Rescue Efforts Helped Avert “Great Depression 2.0.” From Bloomberg: “The U.S. response to the financial crisis probably prevented a depression, slowed a decline in gross domestic product and saved about 8.5 million jobs, economists Alan Blinder and Mark Zandi said. Policies including the government fiscal stimulus, bailouts of financial companies, bank stress tests and the Federal Reserve’s purchase of mortgage-backed securities to lower interest rates ‘probably averted what could have been called Great Depression 2.0,’ Blinder and Zandi said in a report dated yesterday. Without those measures, the U.S. would have deflation, they said.” [Bloomberg, 7/28/10]
On National Television, “President Bush Strongly Urged Lawmakers To Pass His Administration’s $700 Billion Bailout For The Financial Markets” In 2008. As reported by MarketWatch: “President Bush strongly urged lawmakers to pass his administration’s $700 billion bailout for the financial markets on Wednesday, spelling out dire risks to the U.S. economy if Congress doesn’t act quickly. ‘We’re in the midst of a serious financial crisis,’ Bush said in a nationally televised address. ‘Our entire economy is in danger,’ as a result of the credit crunch, he said, and inaction on the plan could result in a ‘long and painful recession.’” [MarketWatch.com, 9/24/08]
Congress Passed The Bailout With Significant Bipartisan Support. According to the New York Times: “The Senate approved the bailout measure on Oct. 1, 2008, on a bipartisan vote of 74 to 25. The House initially rejected the proposal, but under prodding from the White House and leading members of both parties, House members ultimately voted 263 to 171 for the bill, with 91 Republicans joining 172 Democrats in backing it; 108 Republicans and 63 Democrats voted no.” [New York Times, 7/11/10]
Bailouts Have Not “Added Significantly To The Debt.” An analysis by FactCheck.org concludes “it’s not the case at all” that the bailouts “added significantly to the debt.” According to the Congressional Budget Office: “CBO estimates that the net cost to the federal government of the TARP’s transactions, including the cost of grants for mortgage programs that have not been made yet, will amount to $32 billion. CBO’s analysis reflects transactions completed, outstanding, and anticipated as of February 22, 2012. That cost stems largely from assistance to American International Group (AIG), aid to the automotive industry, and grant programs aimed at avoiding home foreclosures: CBO estimates a cost of $56 billion for providing those three types of assistance. But not all of the TARP’s transactions will end up costing the government money. The program’s other transactions with financial institutions will, taken together, yield a net gain to the federal government of about $25 billion, in CBO’s estimation.” [FactCheck.org, 6/15/12; Congressional Budget Office, 3/28/12]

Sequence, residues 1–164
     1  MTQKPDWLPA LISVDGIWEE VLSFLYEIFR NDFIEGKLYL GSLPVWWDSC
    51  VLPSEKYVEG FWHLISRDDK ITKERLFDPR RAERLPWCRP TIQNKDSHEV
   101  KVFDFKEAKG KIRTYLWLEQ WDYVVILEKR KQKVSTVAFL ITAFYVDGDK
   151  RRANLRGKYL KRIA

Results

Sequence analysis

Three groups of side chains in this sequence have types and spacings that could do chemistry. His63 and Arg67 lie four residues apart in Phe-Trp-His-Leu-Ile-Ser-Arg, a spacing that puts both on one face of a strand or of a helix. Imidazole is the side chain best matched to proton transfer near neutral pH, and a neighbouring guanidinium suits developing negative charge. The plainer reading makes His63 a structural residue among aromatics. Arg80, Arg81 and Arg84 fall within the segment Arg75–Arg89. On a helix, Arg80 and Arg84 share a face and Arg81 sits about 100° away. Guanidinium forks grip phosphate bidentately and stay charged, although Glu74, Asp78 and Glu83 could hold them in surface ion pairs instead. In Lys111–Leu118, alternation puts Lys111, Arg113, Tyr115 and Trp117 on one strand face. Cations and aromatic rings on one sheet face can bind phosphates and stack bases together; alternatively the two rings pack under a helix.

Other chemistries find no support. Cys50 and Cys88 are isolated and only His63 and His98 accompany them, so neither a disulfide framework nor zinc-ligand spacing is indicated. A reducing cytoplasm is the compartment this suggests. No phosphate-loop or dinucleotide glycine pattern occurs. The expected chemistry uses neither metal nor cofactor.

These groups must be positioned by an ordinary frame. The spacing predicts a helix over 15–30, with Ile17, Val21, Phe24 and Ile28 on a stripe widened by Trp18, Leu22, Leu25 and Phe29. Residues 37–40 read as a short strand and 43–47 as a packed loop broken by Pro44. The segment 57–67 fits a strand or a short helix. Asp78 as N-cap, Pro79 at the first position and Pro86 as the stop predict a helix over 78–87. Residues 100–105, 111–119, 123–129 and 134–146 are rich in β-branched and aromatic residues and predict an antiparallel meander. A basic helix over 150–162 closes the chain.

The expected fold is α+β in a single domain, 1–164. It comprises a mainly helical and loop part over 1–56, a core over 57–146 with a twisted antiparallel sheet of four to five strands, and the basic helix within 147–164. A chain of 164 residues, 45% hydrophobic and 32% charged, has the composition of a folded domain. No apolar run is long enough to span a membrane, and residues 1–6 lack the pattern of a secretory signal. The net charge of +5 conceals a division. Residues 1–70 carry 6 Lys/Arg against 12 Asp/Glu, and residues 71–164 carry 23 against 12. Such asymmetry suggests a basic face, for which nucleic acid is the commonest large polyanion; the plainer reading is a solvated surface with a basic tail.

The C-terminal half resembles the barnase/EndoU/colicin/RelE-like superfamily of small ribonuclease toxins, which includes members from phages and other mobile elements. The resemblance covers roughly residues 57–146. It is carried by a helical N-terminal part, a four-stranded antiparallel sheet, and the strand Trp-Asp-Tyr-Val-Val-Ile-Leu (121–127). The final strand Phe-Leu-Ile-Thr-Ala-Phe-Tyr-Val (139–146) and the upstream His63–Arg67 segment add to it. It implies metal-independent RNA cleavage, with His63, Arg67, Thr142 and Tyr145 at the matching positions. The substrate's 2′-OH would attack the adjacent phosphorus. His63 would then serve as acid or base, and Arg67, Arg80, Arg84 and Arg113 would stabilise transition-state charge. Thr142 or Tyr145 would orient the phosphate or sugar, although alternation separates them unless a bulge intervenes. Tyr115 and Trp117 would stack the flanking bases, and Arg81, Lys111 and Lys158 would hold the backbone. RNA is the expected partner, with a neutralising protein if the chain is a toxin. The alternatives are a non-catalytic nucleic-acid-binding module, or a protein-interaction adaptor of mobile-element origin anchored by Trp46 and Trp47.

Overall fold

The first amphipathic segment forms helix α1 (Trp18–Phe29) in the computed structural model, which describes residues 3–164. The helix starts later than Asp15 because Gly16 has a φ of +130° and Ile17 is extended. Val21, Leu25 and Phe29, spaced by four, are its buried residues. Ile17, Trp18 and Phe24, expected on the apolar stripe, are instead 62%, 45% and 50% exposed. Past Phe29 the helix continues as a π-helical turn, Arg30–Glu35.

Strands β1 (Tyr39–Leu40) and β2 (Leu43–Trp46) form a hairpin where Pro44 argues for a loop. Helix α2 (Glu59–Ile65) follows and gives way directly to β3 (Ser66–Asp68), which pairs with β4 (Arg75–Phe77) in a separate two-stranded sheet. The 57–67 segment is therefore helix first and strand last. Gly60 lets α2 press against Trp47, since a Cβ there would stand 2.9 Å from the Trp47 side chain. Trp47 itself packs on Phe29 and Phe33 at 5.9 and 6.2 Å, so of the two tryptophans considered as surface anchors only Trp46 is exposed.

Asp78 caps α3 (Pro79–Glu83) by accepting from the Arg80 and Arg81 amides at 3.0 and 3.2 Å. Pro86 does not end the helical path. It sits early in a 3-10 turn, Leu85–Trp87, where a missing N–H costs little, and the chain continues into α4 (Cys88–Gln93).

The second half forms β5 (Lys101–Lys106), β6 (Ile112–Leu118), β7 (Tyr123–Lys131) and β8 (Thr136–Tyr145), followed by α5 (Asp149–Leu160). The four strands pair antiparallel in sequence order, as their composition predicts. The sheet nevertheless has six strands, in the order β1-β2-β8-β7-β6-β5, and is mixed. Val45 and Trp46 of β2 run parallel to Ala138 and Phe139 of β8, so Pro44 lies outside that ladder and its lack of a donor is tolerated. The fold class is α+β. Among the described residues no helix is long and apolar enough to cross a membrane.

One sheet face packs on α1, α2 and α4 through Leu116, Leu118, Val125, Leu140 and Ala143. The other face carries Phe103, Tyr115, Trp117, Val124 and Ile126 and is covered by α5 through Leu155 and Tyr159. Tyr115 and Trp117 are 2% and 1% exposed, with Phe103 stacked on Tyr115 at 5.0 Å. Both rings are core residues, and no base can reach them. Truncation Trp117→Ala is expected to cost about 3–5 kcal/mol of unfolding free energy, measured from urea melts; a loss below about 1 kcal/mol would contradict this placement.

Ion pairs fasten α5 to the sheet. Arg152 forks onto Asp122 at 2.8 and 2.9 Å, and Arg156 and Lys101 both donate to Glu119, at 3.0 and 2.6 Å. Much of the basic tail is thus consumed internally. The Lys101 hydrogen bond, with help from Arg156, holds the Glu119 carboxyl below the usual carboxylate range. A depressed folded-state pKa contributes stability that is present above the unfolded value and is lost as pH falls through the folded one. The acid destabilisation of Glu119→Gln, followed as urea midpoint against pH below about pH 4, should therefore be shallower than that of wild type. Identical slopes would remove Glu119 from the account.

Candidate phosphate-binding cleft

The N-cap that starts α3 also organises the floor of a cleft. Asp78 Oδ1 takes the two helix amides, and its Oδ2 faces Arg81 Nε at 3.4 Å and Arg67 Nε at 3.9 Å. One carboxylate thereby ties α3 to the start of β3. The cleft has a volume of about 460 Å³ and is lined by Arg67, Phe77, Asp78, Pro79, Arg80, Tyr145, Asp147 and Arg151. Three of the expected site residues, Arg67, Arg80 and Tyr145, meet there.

“Failed” Recovery Act Created Jobs, Boosted GDP, And Cut Taxes
Vote #70 on February 13, 2009, was for H.R. 1, the Recovery Act.
Recovery Act “Succeeded In…Protecting The Economy During The Worst Of The Recession.” From the Center on Budget and Policy Priorities: “A new Congressional Budget Office (CBO) report estimates that the American Recovery and Reinvestment Act (ARRA) increased the number of people employed by between 200,000 and 1.5 million jobs in March. In other words, between 200,000 and 1.5 million people employed in March owed their jobs to the Recovery Act. […] ARRA succeeded in its primary goal of protecting the economy during the worst of the recession. The CBO report finds that ARRA’s impact on jobs peaked in the third quarter of 2010, when up to 3.6 million people owed their jobs to the Recovery Act. Since then, the Act’s job impact has gradually declined as the economy recovers and certain provisions expire.” [CBPP.org, 5/29/12]
At Its Peak, Recovery Act Was Responsible For Up To 3.6 Million Jobs. According to the nonpartisan Congressional Budget Office:
CBO estimates that ARRAs [sic] policies had the following effects in the third quarter of calendar year 2010:
- They raised real (inflation-adjusted) gross domestic product by between 1.4 percent and 4.1 percent,
- Lowered the unemployment rate by between 0.8 percentage points and 2.0 percentage points,
- Increased the number of people employed by between 1.4 million and 3.6 million, and
- Increased the number of full-time-equivalent (FTE) jobs by 2.0 million to 5.2 million compared with what would have occurred otherwise. (Increases in FTE jobs include shifts from part-time to full-time work or overtime and are thus generally larger than increases in the number of employed workers). [CBO.gov, 11/24/10]
Recovery Act Included $288 Billion In Tax Cuts. From PolitiFact: “Nearly a third of the cost of the stimulus, $288 billion, comes via tax breaks to individuals and businesses. The tax cuts include a refundable credit of up to $400 per individual and $800 for married couples; a temporary increase of the earned income tax credit for disadvantaged families; and an extension of a program that allows businesses to recover the costs of capital expenditures faster than usual. The tax cuts aren’t so much spending as money the government won’t get — so it can stay in the economy.” [PolitiFact.com, 2/17/10]
Capps Voted To Raise The Debt Limit And Avoid Default
Vote #988 on December 16, 2009, was for H.R. 4314, a bill that raised the federal debt limit. Vote #48 on February 2, 2010, was for a Pay-As-You-Go rule coupled with an increase in the debt ceiling. Vote #690 on August 1, 2011 was on the Budget Control Act of 2011.